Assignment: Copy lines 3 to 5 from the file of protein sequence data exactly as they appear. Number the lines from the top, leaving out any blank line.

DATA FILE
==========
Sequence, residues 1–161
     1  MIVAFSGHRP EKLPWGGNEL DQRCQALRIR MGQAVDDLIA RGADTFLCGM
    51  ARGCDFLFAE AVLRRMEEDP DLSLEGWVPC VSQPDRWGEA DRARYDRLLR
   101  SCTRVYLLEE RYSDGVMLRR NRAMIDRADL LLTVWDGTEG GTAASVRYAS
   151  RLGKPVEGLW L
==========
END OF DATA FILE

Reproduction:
    51  ARGCDFLFAE AVLRRMEEDP DLSLEGWVPC VSQPDRWGEA DRARYDRLLR
   101  SCTRVYLLEE RYSDGVMLRR NRAMIDRADL LLTVWDGTEG GTAASVRYAS
   151  RLGKPVEGLW L